Betaworks-Backed Puts a More Social Spin on News Medium

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put in a lot of work, build your network, and prune it over time,” Levine says. Furthermore, he says while Twitter can help call attention to content, that platform was not specifically tailored for discovering news.

Levine says he and the rest of’s team of six developed the company’s platform harnessing their experiences as power users of Twitter trying to sort through the social morass. Tools such as Tweetdeck let users organize who they follow in lists, but Levine says does not try to be all things to all users as some other mediums attempt to do. His platform treats news as social objects much the way photos on Instagram become topics for conversation., he says, aims for more personal conversations about news stories. “You’ll never have a network on Twitter or Facebook that is designed from the ground up for the conversation around news,” Levine says. Though these social networks are dabbling with groups and filters to help organize connections and consume information, he believes users would instead prefer new platforms entirely focused on the discussion of news.

Levine says takes a different approach to making news more social compared with rivals in this segment such as Flipboard and Pulse, which both offer mobile reading apps for news and magazines. Such rivals, he says, generate revenue on traditional advertising and news consumption models primarily based on topical categories. He believes that model will become less relevant in the future as readers discover news increasingly through social recommendations. is still searching for a business model to monetize the platform, Levine says.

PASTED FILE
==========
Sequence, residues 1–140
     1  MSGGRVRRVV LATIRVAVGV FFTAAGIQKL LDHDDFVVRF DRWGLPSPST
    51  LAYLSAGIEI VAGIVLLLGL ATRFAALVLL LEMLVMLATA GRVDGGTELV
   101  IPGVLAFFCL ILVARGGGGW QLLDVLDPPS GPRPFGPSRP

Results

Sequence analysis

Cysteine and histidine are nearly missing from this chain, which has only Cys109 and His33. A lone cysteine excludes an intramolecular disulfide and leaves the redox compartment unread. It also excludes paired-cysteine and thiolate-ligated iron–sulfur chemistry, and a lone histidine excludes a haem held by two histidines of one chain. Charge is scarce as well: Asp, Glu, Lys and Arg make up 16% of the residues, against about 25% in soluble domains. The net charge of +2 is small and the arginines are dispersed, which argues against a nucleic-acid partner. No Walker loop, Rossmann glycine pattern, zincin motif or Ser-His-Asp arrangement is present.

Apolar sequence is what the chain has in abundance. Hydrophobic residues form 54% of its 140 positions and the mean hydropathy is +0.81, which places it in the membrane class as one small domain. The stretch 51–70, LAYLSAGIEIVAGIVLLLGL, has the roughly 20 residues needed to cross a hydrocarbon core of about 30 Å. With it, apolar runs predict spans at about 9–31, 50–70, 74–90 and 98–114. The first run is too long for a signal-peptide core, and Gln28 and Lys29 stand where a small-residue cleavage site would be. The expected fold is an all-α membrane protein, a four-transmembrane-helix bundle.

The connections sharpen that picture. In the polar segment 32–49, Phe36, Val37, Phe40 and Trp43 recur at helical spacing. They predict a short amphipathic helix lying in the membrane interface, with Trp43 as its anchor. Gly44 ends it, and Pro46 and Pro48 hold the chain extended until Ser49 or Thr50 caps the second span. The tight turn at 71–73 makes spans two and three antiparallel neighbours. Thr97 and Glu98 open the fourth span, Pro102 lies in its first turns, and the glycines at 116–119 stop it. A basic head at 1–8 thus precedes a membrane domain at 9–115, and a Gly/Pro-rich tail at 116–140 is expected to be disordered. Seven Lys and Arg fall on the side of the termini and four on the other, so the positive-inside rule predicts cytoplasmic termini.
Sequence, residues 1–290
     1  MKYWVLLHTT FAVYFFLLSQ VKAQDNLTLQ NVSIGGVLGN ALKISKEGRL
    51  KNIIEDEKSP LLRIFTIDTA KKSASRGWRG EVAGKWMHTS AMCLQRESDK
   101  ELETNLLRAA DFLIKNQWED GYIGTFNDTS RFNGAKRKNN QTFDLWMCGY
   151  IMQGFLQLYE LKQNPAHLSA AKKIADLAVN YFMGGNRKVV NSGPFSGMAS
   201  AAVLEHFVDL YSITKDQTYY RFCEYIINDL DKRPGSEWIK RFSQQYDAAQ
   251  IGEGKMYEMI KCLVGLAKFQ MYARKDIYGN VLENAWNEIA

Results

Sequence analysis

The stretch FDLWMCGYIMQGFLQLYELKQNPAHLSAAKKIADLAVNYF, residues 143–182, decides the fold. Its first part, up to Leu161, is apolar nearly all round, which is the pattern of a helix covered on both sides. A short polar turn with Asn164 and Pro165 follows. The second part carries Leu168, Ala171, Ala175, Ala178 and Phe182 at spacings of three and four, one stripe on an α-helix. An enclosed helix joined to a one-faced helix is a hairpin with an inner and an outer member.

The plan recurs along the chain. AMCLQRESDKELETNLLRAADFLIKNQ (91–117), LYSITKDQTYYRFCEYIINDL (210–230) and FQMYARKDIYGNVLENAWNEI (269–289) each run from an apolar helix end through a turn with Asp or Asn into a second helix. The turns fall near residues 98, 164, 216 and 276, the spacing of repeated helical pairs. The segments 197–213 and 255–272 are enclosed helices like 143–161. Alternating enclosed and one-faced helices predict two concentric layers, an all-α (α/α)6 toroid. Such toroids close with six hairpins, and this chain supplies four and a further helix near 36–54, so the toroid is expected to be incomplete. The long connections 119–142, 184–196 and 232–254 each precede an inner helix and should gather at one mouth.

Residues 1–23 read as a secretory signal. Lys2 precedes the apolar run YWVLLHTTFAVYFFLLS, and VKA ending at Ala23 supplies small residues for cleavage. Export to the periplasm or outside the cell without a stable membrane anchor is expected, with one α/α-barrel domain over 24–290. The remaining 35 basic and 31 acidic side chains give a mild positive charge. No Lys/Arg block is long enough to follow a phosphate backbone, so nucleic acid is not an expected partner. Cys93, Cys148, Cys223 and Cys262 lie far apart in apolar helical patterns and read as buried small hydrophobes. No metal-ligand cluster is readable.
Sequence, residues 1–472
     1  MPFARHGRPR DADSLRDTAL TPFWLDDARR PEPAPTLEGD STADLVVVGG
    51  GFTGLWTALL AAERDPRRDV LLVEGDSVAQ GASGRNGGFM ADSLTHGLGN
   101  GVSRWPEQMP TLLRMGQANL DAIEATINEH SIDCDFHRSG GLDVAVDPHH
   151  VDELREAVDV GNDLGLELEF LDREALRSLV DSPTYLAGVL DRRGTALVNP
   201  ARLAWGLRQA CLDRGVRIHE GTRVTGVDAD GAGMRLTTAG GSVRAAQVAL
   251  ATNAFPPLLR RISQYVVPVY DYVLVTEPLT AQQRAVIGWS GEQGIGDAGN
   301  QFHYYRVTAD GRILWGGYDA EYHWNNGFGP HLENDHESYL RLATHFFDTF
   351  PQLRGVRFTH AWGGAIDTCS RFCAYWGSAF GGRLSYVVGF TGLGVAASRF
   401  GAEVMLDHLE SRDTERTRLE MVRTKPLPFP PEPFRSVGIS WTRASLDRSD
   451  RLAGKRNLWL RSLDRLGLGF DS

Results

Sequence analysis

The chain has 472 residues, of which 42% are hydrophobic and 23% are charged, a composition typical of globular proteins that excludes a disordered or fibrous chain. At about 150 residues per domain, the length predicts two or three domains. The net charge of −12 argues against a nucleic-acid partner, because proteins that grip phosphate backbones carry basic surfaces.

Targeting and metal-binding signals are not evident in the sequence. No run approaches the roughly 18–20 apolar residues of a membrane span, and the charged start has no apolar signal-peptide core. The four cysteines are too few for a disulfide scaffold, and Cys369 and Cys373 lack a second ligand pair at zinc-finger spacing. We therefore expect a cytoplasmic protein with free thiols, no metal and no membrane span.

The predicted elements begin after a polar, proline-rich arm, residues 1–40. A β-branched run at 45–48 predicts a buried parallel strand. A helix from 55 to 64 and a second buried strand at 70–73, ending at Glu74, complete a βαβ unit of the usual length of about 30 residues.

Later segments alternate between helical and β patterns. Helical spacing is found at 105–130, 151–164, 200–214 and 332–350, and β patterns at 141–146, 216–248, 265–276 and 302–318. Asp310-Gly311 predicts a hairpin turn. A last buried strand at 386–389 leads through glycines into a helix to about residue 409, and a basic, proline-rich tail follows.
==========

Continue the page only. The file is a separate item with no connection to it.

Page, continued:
Spun out last August from bitly, has its roots in the news industry. Michael Young,’s chief technology officer, led the team that built the prototype in The New York Times‘s research and development lab. The prototype was acquired and incubated within bitly, another Betaworks-backed company, in late 2010. Levine joined during the incubation at bitly. He was previously entrepreneur in residence at Betaworks, strategic development analyst at the, and was in investment banking.

Though has no immediate plans to develop an Android version of its app, Levine says a Web-based platform is in the works. He says the platform will likely evolve to incorporate both computer-driven algorithms and living curators to recommend news stories to users. Even with its pedigree, Levine says does face a difficult challenge disrupting the traditional models for consuming news. However he says the backing from Betaworks gives this startup the leeway to explore this approach to connect readers with news they want to see. “It’s going to be really hard, to be honest,” he says. “We’re making a long-term bet.”

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